P Storm P風暴 (2019) - Hong Kong / China
Reviewed by Andrew Chan (Film Critics Circle of Australia)
Just when you think that the alphabetical “Storm” series is over, the forth film of the box office successful never ending ICAC crime busting fantasy action thriller continues with “P Storm”. Set mostly within the confines of a prison drama, our hero William Luk (played by the inflatable and incorruptible Louis Koo) purposely get caught for drink driving this time to go undercover to investigate corruption within prison cells. The whole series so far requires a certain level of underlying suspension of belief and this film is no different. Numerous plot holes and distort from reality of Hong Kong comes into play, but with the blitz running time of 90 minutes, the film never bores, aided by criminally over acting by Raymond Lam as the rich crime boss in jail, comic timing from Louis Cheung as fellow in-mate and of course cheering on the impossibility of life in Louis Koo.
Louis Koo headlines once again and if Donnie Yen’s memorable role is “Ip Man”, then Koo is ICAC Chief inspector William Luk. In a fantasy world, this is probably how Mainland audience perceive Hong Kong to be and Koo represents the hope and upholding of the “rule of law” against crime and corruption that the Mainland authorities have been instilling about over the past decade. Raymond Lam makes an interesting appearance as the spoiled and rich crime boss currently in jail bribing his way to maintain his way of living. Lam constantly overacts and in a way it’s so bad that it is actually entertaining. Louis Cheung is the comic sidekick and impresses as the most human of the characters around. Other series regular like Gordon Lam, Dada Chan and Julian Cheung appears in minor roles to add to the familiarity. Patrick Tam is excellent as the corrupted prison boss and Chrissie Chau plays the minor role as the distress hamster with conviction.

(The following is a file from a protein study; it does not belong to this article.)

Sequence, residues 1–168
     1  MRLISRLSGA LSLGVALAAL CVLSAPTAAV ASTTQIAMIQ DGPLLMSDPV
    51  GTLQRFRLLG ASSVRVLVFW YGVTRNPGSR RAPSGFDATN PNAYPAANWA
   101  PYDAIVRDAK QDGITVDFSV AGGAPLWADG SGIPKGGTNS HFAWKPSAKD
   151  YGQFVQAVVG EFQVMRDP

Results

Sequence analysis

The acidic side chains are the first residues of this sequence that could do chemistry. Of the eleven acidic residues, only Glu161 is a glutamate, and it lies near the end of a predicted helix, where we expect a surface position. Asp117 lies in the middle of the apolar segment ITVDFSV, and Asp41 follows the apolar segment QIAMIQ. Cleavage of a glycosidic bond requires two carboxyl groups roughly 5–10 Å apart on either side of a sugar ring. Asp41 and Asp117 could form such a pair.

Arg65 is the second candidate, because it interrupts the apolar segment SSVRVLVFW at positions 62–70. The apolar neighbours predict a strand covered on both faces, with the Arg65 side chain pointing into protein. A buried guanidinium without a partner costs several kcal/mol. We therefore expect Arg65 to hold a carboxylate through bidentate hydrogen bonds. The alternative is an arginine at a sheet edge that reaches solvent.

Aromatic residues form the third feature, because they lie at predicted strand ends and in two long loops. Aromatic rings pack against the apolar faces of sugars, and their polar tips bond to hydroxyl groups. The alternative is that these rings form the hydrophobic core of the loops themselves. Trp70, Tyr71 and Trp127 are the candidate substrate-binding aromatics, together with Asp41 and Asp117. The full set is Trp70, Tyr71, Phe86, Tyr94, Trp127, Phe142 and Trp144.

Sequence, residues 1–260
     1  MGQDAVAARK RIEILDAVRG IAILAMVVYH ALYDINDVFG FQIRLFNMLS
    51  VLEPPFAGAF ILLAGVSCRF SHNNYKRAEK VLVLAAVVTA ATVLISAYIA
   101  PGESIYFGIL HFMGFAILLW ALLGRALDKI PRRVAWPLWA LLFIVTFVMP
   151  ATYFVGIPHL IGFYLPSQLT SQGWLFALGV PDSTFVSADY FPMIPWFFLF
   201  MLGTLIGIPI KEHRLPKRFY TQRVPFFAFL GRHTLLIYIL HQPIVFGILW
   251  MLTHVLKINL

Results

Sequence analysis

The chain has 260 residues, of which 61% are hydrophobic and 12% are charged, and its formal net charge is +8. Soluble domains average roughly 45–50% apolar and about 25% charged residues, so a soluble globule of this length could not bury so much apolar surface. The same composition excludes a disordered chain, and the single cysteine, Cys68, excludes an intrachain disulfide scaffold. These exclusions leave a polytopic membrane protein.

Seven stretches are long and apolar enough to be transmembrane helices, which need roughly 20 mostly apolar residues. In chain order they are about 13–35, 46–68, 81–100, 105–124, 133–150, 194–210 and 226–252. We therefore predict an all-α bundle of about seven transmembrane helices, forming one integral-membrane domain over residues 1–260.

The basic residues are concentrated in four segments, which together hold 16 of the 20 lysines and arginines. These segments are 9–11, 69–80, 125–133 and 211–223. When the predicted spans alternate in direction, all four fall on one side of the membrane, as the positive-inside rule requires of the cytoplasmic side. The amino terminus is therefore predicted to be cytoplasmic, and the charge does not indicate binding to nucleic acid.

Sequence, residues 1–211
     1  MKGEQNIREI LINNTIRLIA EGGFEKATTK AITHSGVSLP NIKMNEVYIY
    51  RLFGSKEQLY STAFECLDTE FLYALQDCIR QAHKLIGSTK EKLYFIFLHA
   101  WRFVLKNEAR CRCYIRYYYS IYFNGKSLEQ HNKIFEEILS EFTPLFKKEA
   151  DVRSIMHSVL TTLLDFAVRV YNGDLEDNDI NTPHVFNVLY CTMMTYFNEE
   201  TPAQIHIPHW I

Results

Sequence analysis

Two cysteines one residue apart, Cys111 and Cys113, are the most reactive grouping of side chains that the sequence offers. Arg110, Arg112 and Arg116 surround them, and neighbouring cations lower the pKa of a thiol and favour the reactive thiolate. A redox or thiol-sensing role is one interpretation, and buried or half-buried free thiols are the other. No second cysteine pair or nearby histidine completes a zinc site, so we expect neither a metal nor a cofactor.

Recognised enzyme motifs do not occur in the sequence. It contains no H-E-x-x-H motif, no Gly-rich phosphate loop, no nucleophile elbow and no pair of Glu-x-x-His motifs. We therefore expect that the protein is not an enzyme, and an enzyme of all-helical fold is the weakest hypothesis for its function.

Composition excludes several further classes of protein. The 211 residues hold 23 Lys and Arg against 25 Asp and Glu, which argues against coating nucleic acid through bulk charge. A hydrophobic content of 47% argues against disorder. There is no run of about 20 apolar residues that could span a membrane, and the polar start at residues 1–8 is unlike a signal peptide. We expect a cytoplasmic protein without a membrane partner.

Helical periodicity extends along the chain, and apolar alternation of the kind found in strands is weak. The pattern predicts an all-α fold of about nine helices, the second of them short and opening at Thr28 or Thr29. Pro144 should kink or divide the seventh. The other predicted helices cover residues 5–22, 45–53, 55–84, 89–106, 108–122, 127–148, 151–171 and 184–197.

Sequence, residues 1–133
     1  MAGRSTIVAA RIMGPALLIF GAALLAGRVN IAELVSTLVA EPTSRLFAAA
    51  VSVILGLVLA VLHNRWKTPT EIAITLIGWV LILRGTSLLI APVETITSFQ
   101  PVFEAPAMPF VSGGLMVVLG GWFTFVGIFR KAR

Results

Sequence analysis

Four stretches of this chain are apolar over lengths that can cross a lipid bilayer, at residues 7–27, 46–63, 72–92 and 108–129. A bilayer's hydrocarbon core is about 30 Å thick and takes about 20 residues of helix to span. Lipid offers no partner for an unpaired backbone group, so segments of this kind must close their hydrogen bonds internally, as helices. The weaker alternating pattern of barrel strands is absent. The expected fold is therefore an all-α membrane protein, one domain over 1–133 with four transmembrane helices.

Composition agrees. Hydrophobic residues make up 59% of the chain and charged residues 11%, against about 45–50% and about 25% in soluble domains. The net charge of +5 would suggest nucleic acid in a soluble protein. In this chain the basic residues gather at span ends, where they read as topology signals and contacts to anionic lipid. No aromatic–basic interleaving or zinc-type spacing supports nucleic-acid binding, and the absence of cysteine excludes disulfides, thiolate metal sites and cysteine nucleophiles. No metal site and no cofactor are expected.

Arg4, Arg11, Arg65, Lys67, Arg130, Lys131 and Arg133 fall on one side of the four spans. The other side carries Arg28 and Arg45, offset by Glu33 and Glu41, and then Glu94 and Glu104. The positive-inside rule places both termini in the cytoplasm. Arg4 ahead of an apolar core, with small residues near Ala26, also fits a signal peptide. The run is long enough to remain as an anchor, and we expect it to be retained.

All in all, “P Storm” directed by David Lam is by no means a significant film and probably not entirely needed by the audience. However, both Hong Kong and Mainland box office numbers talk and in this case, another follow up is already planned and in the works. As usual the film suddenly induce elements of collaborating with Mainland investigations and the informative ending of how all criminals or corrupters are convicted for longer prison terms. These are laughable moments, but for all it is worth, “P Storm” remains entertaining in a fantasy version of Hong Kong ICAC.
I rated it 6/10